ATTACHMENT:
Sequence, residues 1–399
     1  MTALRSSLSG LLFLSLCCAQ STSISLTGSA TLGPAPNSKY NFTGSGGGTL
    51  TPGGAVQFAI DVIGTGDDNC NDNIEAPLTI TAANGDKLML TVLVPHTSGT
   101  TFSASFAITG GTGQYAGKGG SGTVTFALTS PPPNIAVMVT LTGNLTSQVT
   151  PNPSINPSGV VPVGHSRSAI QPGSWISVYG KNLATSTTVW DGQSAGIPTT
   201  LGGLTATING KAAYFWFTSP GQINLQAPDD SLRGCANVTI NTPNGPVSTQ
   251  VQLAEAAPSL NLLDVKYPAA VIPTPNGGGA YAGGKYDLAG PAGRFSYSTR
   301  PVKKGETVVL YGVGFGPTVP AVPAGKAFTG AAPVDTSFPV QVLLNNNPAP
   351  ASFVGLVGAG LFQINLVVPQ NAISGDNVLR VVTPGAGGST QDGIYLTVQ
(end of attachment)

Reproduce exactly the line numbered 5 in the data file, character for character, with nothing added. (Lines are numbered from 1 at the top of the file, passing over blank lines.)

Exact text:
   151  PNPSINPSGV VPVGHSRSAI QPGSWISVYG KNLATSTTVW DGQSAGIPTT